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My "UX of Home Appliances" tweets got a bit of traction so I'm being a bit more proactive, showing how I'd solve the problem. Let's start with the original confusing design: Heavy borders Packed grid Abbreviated text Excessive functions ALL CAPS
It's lazy to try a redesign using a full digital screen with 1000s of colors. I'm going to constrain myself to monochrome, using basic silkscreened paint on a simple touch surface. Stick with the technology you're given whenever possible.
First pass is just graphics, keeping the original text. It's a big improvement but it only shows how much more there is: the text is too complicated, things don't line up and any simple "just make it turn on" feeling is not there. We need to go deeper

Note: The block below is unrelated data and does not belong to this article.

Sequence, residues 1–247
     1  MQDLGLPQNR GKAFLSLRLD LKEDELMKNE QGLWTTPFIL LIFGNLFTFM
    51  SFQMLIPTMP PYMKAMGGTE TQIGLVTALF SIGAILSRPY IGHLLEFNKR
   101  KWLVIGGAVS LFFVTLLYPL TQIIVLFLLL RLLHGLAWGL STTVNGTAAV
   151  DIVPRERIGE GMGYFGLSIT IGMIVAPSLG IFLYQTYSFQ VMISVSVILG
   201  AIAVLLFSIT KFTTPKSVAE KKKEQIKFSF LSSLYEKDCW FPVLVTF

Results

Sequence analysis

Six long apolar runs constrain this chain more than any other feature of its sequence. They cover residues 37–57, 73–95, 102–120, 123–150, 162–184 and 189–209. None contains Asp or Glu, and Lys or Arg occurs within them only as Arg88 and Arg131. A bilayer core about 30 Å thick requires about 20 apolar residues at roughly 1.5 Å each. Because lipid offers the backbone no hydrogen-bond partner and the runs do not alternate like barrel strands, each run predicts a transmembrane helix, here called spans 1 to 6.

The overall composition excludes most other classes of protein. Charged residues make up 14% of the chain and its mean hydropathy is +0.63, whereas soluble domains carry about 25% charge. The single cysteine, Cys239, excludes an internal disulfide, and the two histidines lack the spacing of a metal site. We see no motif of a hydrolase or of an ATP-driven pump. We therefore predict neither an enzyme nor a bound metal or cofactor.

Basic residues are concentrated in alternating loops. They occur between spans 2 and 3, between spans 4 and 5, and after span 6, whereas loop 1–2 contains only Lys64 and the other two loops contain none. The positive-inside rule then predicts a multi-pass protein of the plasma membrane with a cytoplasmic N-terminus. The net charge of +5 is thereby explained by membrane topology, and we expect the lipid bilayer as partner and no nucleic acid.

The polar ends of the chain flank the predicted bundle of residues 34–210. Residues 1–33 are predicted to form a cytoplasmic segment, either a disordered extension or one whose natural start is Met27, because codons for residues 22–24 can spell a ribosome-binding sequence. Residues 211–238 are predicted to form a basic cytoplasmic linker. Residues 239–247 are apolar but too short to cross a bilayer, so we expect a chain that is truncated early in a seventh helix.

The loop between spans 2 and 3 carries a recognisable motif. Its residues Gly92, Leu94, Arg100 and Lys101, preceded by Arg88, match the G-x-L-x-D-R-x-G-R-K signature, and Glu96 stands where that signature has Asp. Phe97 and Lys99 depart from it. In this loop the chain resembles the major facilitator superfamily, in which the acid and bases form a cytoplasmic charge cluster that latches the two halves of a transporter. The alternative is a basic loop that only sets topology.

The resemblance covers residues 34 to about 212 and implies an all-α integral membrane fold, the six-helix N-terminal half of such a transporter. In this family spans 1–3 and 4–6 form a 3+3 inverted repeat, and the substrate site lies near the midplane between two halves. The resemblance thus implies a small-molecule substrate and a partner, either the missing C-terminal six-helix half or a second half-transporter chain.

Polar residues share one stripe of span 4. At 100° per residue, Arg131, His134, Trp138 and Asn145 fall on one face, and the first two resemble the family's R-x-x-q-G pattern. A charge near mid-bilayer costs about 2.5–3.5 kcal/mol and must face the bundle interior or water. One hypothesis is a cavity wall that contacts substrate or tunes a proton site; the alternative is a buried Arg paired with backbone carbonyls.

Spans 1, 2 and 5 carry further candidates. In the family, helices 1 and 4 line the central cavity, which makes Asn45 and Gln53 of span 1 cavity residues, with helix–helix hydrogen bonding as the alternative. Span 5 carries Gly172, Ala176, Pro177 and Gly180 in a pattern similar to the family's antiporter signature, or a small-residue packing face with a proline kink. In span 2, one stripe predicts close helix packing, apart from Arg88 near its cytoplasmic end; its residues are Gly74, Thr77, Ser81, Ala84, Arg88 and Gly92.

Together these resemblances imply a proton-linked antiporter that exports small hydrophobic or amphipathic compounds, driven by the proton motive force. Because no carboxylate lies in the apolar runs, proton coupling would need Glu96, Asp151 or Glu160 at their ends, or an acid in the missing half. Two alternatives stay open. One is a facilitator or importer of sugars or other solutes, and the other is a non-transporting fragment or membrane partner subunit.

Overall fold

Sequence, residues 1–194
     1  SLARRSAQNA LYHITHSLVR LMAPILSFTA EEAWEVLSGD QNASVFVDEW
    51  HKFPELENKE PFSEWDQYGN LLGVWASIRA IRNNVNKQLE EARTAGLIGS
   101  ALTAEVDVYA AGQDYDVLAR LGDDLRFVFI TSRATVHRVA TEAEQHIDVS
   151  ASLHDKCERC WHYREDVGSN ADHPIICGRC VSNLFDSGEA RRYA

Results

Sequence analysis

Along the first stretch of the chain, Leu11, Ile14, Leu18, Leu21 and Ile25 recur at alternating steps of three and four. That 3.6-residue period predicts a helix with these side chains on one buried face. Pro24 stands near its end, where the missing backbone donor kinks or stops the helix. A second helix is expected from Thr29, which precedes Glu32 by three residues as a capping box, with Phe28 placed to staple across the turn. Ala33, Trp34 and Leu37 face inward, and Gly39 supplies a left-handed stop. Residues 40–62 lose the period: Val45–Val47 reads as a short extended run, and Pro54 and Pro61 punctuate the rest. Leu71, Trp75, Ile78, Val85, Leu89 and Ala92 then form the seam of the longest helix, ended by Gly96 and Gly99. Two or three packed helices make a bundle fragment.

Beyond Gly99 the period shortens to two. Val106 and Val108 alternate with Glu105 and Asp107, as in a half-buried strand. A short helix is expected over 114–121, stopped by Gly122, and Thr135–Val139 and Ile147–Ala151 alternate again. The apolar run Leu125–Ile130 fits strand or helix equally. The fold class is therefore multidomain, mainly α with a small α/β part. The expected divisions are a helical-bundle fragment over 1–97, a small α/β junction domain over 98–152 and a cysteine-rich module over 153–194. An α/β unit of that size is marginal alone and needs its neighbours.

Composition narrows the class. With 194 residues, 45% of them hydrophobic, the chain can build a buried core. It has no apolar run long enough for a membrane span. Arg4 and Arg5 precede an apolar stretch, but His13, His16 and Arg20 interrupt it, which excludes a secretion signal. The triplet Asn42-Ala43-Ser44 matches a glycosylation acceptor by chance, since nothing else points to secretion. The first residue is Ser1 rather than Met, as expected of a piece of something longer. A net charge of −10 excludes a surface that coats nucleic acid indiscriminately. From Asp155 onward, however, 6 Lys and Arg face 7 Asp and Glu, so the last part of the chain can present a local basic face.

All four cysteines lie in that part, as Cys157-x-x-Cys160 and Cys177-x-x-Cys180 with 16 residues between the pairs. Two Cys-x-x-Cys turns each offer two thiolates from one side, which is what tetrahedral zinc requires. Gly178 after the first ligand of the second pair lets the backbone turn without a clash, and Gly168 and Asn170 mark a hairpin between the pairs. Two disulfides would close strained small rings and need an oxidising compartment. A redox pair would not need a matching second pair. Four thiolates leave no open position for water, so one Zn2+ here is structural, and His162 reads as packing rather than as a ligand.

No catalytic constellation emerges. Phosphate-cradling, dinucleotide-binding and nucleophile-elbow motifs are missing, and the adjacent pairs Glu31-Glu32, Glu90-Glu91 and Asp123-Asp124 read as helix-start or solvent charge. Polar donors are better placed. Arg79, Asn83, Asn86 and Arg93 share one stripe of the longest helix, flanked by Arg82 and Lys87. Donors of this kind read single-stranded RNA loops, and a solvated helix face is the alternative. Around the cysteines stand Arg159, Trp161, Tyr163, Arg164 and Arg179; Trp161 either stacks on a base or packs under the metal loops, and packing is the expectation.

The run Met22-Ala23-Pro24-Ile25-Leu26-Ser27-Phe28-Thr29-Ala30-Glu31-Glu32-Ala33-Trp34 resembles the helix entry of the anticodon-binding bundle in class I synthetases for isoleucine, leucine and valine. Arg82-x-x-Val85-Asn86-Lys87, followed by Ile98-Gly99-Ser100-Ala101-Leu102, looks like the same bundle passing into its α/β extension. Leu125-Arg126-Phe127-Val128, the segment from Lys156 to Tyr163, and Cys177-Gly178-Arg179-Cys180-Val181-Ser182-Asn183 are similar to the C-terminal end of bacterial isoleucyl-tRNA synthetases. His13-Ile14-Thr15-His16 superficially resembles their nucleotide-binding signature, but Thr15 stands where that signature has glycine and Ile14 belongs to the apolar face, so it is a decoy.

Second pass is a just a sketch, not a final design, simplifying the text and prioritizing functions. It raises a TON of questions: How to handle convection How did the original design STOP? Who uses ROAST? Delay vs start/stop? Feedback for toggle commands (LIGHT & PROBE)
Some of these are trivial (use the display for feedback on the toggle commands) some are solvable (we need a better "on/off model" for the user) and some will be hard (marketing will fall on their sword to have ROAST)
But this is the divergent part of design, we're a velociraptor testing the electric fence. This type of work can be infuriating to clients as it feels like a step backwards. You share this work cautiously but start the conversation, getting agreement on the fundamentals
It is certainly possible to make things better with a visual refresh. However, to truly make something customers will love, you must go deeper and radically simplify the product structure.

My Notes:

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Scott Jenson

Pro Curator

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